This word is one of the mantras of progressive politics, often accompanied by an insinuation that other parties are averse to change. Closer examination reveals that virtually all political parties are interested in some kind of change - with fascinating differences in what institutions can or should change.

For example, liberal voices sometimes speak of the evolution of democracy, pointing to the way the essential spirit of the Declaration of Independence--that all people are created equal--has gradually been more fully realized by groups (slaves, Indians, propertyless white men, bonded labor, women) originally disenfranchised in the American republic of 1776. Similarly, they say that modern times call for modern changes within faith communities of the Judeo-Christian traditions.

Religious conservatives are less likely to see every instance of “modern change” as positive. But this does not mean that they see all change as negative. From their point of view, other changes are more necessary - for example, a greater alignment of the larger culture with religious faith and with certain key intentions of the founding fathers (e.g. the preservation of property rights and limited government).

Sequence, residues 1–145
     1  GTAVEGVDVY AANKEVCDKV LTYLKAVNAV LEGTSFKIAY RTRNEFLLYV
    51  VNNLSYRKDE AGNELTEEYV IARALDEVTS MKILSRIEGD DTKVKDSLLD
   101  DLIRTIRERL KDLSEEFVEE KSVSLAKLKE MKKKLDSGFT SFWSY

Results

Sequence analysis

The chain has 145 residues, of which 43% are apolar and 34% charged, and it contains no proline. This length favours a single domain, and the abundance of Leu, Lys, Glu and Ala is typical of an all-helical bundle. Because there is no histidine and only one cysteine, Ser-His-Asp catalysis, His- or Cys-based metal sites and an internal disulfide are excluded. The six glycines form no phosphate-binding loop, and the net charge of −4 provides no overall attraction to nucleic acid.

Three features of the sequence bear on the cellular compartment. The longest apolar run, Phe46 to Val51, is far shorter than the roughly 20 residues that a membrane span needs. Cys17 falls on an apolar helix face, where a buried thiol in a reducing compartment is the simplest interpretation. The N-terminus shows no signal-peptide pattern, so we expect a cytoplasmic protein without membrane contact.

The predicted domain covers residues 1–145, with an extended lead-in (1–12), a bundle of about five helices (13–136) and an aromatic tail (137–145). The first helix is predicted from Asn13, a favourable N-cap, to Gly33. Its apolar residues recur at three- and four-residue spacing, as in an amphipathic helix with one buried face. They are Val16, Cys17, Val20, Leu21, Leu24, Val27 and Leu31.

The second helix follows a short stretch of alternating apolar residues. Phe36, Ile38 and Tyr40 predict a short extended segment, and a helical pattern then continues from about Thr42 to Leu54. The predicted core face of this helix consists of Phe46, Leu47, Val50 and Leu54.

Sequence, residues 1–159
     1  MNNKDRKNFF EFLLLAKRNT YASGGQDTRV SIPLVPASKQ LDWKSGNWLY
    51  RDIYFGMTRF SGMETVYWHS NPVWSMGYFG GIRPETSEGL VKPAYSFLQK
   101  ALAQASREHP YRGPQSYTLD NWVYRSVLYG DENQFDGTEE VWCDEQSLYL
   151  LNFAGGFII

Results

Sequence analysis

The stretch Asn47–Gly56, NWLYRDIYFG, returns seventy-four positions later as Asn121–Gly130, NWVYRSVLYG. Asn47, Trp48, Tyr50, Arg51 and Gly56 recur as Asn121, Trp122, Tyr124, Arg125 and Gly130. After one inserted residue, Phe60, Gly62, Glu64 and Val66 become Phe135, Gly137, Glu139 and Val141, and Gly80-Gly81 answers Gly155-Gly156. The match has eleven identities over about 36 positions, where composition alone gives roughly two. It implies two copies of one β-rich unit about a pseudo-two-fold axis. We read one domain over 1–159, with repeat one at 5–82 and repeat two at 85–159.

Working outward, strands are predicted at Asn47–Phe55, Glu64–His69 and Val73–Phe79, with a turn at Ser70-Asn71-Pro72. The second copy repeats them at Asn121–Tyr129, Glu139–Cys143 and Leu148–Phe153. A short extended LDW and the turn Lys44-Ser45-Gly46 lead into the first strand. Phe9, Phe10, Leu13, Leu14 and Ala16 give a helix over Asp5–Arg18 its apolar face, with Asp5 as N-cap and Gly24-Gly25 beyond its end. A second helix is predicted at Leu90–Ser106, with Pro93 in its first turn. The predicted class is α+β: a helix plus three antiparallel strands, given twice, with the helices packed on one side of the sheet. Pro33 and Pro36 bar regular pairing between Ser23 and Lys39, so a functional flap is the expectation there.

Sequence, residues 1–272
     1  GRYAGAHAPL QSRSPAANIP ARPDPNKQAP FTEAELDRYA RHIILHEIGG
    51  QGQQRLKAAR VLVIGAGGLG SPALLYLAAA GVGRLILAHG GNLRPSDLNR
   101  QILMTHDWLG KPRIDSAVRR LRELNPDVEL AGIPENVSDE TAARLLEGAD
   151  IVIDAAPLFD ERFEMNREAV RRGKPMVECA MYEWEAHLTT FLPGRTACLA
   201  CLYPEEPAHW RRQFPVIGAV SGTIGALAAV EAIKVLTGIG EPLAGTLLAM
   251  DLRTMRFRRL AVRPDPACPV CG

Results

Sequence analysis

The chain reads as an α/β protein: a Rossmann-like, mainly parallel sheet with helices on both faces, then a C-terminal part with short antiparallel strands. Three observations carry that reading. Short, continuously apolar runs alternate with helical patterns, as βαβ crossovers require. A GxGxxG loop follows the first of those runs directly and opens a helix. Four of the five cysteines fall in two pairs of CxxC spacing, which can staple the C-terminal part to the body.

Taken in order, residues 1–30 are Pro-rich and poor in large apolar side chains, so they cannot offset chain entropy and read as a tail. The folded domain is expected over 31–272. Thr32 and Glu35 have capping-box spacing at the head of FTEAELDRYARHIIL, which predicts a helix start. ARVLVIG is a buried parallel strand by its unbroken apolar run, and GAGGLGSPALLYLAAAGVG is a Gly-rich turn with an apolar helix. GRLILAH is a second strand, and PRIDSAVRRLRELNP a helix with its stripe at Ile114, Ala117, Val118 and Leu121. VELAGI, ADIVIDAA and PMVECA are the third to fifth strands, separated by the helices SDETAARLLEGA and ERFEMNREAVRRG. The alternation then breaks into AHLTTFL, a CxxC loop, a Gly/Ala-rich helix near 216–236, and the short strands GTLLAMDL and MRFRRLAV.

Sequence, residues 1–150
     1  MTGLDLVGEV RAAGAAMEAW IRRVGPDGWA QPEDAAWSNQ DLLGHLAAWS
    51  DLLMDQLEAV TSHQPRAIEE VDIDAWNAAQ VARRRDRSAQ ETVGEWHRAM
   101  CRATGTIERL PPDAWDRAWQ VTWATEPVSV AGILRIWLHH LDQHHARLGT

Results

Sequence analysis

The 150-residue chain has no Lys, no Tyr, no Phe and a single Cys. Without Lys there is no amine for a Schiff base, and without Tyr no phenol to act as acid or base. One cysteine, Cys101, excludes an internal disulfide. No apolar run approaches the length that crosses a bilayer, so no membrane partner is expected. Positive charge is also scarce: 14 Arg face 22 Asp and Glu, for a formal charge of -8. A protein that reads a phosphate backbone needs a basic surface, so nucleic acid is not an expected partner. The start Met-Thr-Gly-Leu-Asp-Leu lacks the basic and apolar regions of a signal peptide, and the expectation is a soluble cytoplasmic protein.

Libertarians often zealously celebrate change, including cultural change and economic change through “creative destruction” and innovation. From another perspective, however, libertarians want to reverse change by returning to a simpler time when government was smaller and more limited in scope.

The concept of change is often also associated with demographic change, because our country is changing (i.e., not going to stay white). Some see demographic change as the end of our country as we know it, and some see it as a welcome correction for historical imbalances and/or an enrichment of our society.


  • How has the United States changed in your lifetime? Name a change you were glad to see happen; name a change you wish could be put back the way it was. Compare your choices with other people you know.
  • Why do you think some people seize upon the word “change” and claim that only they are for it, when they are not necessarily the only people who want change? What is it about that word that they find appealing?
  • There’s an old saying: The more things change, the more they stay the same. What do you think that means about change in our country?